What is it?
As mapped out in the 2020 Federal Budget, STP was expanded to include additional information to be reported to the Tax Office.
When does it apply?
The new reporting measures commenced 1 Jan 2022, and employers need to report before 31 Mar 2022 to be compliant under the new regime.
However, if using certain payroll software (eg Xero Payroll, Wagemaster, MYOB) you have been granted a reporting deferral to 31 Dec 2022.
For other STP payroll software providers and those NOT using STP payroll software, there is no deferral.
Please note your software provider will automatically apply for the 12 month extension and you should be advised as such. When functionality is updated by your payroll software provider, we’ll provide additional support around setups and coding to help you transition and adapt.
Late or missed reporting penalties are $210 for every 28 days your report is overdue to a maximum of $1,050 for small businesses, $2,100 for medium entities, $5,250 for large entities.
Under STP Phase 2, genuine reporting mistakes will not be penalised in the first year until 31 Dec 2022.
Notable Phase 2 changes to be aware of are.
Income type and country codes
You already advise the Tax Office on the type of income your employees receive via your STP report. STP Phase 2 introduces additional reporting with the aim to:
- Identify payments you make to your employees with specific tax consequences.
- Make it easier for an employee to complete their individual income tax return
- Help the Tax Office identify where you are using a concessional reporting arrangement
- Report to the Tax Office on Australian residents working overseas.
The significant changes to income reporting include a disaggregation of gross income. This can be summarised as follows.
Phase 1 - Not Reported in Gross
- Paid leave
- Bonuses & Commission
- Directors' fees
- Lump sum W
- Salary Sacrifice amounts (post only)
Phase 2 - Reported in Gross
- Ordinary hours worked
- Casual loading
- Shift penalties
- Payment to employees on Workers' Comp who are at work performing duties
- Piece rate work performed during ordinary hours
- Daily rates for employees compensated
- Flexi time
- Breach of rest break payments
- Time for travel or training
- Salary Sacrifice amounts (pre and post)
More Phase 2 changes to be aware of are.
Businesses will have the option to include child support garnishees and deductions in their STP report, reducing the need to provide separate advice to the Child Support Registrar.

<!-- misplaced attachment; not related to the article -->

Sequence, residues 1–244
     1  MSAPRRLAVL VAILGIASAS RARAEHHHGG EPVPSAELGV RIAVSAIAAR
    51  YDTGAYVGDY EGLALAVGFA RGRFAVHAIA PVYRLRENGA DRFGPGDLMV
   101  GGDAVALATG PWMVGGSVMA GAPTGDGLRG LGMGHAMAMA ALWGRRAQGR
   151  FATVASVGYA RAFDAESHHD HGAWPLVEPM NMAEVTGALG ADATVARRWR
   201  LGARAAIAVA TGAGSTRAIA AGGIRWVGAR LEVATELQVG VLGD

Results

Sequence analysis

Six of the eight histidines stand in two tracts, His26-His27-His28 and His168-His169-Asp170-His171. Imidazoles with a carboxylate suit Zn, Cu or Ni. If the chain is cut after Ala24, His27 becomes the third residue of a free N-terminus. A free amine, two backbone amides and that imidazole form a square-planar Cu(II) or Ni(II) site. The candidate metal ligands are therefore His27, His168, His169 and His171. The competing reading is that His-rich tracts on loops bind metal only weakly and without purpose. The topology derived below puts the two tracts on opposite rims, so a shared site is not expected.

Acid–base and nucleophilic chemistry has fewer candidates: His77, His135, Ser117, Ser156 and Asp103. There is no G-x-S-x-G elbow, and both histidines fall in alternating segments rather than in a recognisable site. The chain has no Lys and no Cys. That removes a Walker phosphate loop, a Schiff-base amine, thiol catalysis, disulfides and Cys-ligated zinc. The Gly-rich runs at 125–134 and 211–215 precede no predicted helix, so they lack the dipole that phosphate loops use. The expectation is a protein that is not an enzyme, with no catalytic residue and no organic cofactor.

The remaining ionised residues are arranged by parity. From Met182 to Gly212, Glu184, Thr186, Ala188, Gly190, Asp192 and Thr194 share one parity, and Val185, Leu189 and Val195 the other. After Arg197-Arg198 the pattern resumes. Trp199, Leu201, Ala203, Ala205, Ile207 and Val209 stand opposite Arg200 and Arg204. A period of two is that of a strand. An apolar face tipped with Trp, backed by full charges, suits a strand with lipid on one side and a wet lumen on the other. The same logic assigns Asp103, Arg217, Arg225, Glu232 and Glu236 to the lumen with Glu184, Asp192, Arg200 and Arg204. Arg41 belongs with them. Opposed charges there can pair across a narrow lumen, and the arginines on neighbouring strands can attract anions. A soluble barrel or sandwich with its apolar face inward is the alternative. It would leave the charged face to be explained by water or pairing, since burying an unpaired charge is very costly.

Lump Sum E payments
This is used when you make lump sum payments for back pay from prior income years. Previously, this was shown on a separate line item in an employee’s payment summary. STP Phase 2 requires these payments to be reported with the tax year they originated in, before finalising an employee’s records. This removes the need to provide employees with Lump Sum E letters.
Tax file number (TFN) declarations
Employers are currently required to submit a TFN declaration to the Tax Office. STP Phase 2 will incorporate employee tax information via STP reporting, which eliminates the need to submit TFN declarations to the Tax Office as a separate process.
Specifying a reason for termination will be mandatory when an employee finishes their employment. Currently, an employer may be asked to provide an employee with an employment separation certificate upon an employee’s termination of employment. STP Phase 2 will require the reason for termination to be included in the STP report sent to the Tax Office and no employee separation certificate is required.
Tax treatment codes
Your STP Phase 2 report includes a six-character tax treatment code for each employee. The tax treatment code is an abbreviated way of telling the Tax Office about factors that can influence the amount you withhold from payments to your employees.
Employer Super Obligations An Update
From 1 Nov 2021, if you have existing superannuation accounts, these will be “stapled” to your current super fund account. Employers are required to identify a new employee’s superannuation account and contribute compulsory superannuation payments to that existing fund. The stapling feature is designed to help prevent people joining multiple super funds when they start a new job, which in turn should cut back on the amount of fees eroding super accounts.
The same Bill which introduced the stapling feature, also introduced “performance tests” designed to expose underperforming superfunds to current members. Accordingly, if your fund is “not cutting the mustard” you may expect to see a letter in the mail informing you of underperformance. If two consecutive failures are experienced, the fund is closed to new members. The performance tests commenced 31 Aug 2021.
Paying On Time
As the Tax Office sharpens its focus on superannuation compliance, we remind employers that Superannuation Guarantee (SG) must be received by the employee’s superannuation fund by no later than the 28th day of the month following the quarter the wages relate to. This means for the recently completed December quarter, SG is due by 28th Jan 2022. In the times of Single Touch Payroll and Superstream, it is especially imperative that SG is paid and reaches the fund before the due date to ensure the amount of SG paid is tax deductible. Furthermore, if SG is not paid before the due date, Superannuation Guarantee Charge must be paid (via lodging a Superannuation Guarantee Charge form with the Tax Office). If SG obligations are not met, the maximum penalty is 200% of the SG. Also note that there is the potential for directors to be held personally liable for the SGC under the Director Penalty Regime.